€33 billion support for Central, Eastern Europe

Saturday, 12 March 2011 23:00 -     - {{hitsCtrl.values.hits}}

LONDON-The European Bank for Reconstruction and Development (EBRD), the European Investment Bank (EIB) Group, and the World Bank Group provided over €33 billion in support for banks and economies of Central and Eastern Europe in 2009 and 2010, in a response to the global economic crisis that could be a template for cooperation in the future.

The three institutions believe this successful spirit of cooperation should be preserved for the future and potentially used in other regions.

They launched their Joint IFI Action Plan on 27 February 2009, at the very height of the economic crisis, initially pledging €24.5 billion over a two-year period. The sharply higher outturn reflected the IFIs’ dynamic response to the fact that the crisis in this region was deeper than initially expected and the recovery was much more protracted.

Just as important as the pure financial contribution of the action plan was its role in helping the coordination of national support packages and policy dialogue involving other key stakeholders in the region and in close cooperation with the International Monetary Fund (IMF), the European Commission, and other key European institutions.

The unprecedented level of cooperation made a key contribution to restoring market confidence in the Central and Eastern European banking system when it was at particularly low ebb and illustrated the important counter-cyclical role played by the IFIs during the financial crisis.

It was also instrumental in ensuring that key Western banks maintained their engagement in the region at a time when international markets ground to a halt and private funding dried up.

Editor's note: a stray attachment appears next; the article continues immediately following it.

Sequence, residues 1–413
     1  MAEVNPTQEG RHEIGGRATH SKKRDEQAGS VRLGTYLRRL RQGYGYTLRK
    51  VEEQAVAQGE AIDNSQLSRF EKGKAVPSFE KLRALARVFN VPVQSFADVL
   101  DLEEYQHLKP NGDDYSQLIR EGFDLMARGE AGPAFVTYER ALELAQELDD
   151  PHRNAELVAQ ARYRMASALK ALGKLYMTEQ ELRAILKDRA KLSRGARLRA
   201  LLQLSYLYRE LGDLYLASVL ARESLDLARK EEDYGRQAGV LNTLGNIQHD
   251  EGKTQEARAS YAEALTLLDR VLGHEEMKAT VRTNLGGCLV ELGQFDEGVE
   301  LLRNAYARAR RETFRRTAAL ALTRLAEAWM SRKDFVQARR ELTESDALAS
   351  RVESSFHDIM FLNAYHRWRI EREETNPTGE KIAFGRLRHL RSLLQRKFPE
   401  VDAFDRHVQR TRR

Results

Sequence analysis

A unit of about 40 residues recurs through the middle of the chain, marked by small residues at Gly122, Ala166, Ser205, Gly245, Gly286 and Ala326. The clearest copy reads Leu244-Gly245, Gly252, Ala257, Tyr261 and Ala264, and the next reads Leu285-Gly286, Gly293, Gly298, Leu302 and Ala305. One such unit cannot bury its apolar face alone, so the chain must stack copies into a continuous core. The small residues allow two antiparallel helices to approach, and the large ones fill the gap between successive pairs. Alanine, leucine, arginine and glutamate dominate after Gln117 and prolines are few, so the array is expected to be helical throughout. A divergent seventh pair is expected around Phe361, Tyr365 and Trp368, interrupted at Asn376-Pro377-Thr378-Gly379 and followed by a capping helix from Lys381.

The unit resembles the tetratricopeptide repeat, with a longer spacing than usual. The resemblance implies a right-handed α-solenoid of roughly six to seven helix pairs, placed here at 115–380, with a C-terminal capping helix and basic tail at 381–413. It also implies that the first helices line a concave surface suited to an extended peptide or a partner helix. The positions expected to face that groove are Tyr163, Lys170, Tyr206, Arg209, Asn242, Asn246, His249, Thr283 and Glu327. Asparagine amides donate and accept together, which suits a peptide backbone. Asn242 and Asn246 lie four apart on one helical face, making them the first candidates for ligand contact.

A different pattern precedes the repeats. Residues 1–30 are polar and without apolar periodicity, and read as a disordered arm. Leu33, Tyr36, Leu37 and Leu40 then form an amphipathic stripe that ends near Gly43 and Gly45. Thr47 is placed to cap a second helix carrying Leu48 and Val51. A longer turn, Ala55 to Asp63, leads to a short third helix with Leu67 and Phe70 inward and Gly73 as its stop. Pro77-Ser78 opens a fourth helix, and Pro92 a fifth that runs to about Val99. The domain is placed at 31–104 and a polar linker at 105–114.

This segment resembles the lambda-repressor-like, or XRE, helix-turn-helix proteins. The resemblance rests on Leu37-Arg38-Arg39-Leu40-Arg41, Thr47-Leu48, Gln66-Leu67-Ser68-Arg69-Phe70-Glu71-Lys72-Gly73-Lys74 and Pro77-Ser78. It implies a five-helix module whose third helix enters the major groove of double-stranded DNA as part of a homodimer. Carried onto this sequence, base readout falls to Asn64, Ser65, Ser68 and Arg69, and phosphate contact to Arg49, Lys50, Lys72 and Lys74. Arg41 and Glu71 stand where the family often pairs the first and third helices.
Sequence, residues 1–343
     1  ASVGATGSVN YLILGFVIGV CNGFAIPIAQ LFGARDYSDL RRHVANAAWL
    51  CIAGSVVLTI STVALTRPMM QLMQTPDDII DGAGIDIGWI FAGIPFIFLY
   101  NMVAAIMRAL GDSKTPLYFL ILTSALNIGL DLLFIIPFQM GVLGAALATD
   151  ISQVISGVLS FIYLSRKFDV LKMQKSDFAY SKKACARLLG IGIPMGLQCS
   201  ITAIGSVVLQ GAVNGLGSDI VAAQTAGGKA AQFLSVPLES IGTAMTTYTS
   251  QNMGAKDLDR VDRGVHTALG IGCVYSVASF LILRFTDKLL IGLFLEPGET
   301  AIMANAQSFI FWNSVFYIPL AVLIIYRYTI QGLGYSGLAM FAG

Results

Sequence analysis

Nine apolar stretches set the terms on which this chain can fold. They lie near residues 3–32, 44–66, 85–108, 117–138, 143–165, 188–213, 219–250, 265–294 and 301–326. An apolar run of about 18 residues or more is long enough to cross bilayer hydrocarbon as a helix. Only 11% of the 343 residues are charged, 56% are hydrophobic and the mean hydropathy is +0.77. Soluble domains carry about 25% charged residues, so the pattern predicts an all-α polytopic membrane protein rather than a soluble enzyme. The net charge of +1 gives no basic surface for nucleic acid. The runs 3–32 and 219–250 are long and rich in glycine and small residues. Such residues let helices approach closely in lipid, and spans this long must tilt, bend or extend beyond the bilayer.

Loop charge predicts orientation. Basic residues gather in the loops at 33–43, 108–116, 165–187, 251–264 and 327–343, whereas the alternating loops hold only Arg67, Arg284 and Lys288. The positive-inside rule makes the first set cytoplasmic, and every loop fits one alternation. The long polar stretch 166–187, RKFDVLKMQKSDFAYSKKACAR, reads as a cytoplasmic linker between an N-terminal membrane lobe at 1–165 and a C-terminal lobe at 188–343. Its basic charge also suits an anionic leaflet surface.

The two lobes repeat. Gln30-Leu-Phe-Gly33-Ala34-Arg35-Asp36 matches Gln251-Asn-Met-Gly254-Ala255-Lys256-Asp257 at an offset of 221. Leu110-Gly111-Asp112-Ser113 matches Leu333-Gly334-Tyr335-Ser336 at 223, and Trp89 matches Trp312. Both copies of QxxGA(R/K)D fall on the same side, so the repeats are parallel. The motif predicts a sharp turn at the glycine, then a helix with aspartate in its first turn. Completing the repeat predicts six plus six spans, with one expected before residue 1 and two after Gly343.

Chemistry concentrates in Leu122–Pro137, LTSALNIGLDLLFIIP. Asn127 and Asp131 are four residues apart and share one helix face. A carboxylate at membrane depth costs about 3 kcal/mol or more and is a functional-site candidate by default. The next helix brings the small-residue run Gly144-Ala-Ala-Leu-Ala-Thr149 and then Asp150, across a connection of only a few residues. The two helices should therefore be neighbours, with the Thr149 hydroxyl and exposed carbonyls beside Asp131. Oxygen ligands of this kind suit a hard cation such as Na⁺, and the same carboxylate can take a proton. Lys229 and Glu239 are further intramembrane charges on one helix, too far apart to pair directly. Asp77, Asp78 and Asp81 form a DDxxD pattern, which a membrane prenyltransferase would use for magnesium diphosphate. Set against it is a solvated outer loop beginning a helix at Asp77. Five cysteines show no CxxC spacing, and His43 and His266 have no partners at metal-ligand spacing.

In a joint paper reflecting on the conclusion of the Joint IFI Action Plan, the three institutions made clear that, even though this particular programme was now over, this successful format for cooperation initially designed for crisis-hit emerging Europe, should be replicated in the future and could be applied in other circumstances and in other regions that face challenges in transforming their financial sectors, reviving lending, and increasing employment. The report emphasized that the benefits of close IFI cooperation and coordination during the crisis should be preserved.

The paper noted that recovery was now finally underway in Central and Eastern Europe, although recovery in this region has considerably lagged others. As growth resumes, the challenge is now to ensure that it is sustainable. Credit plays a vital role in private-sector led growth that should create employment. Ensuring sustainable lending is therefore a priority.

The three IFIs will maintain their effort to support lending to the region in the future.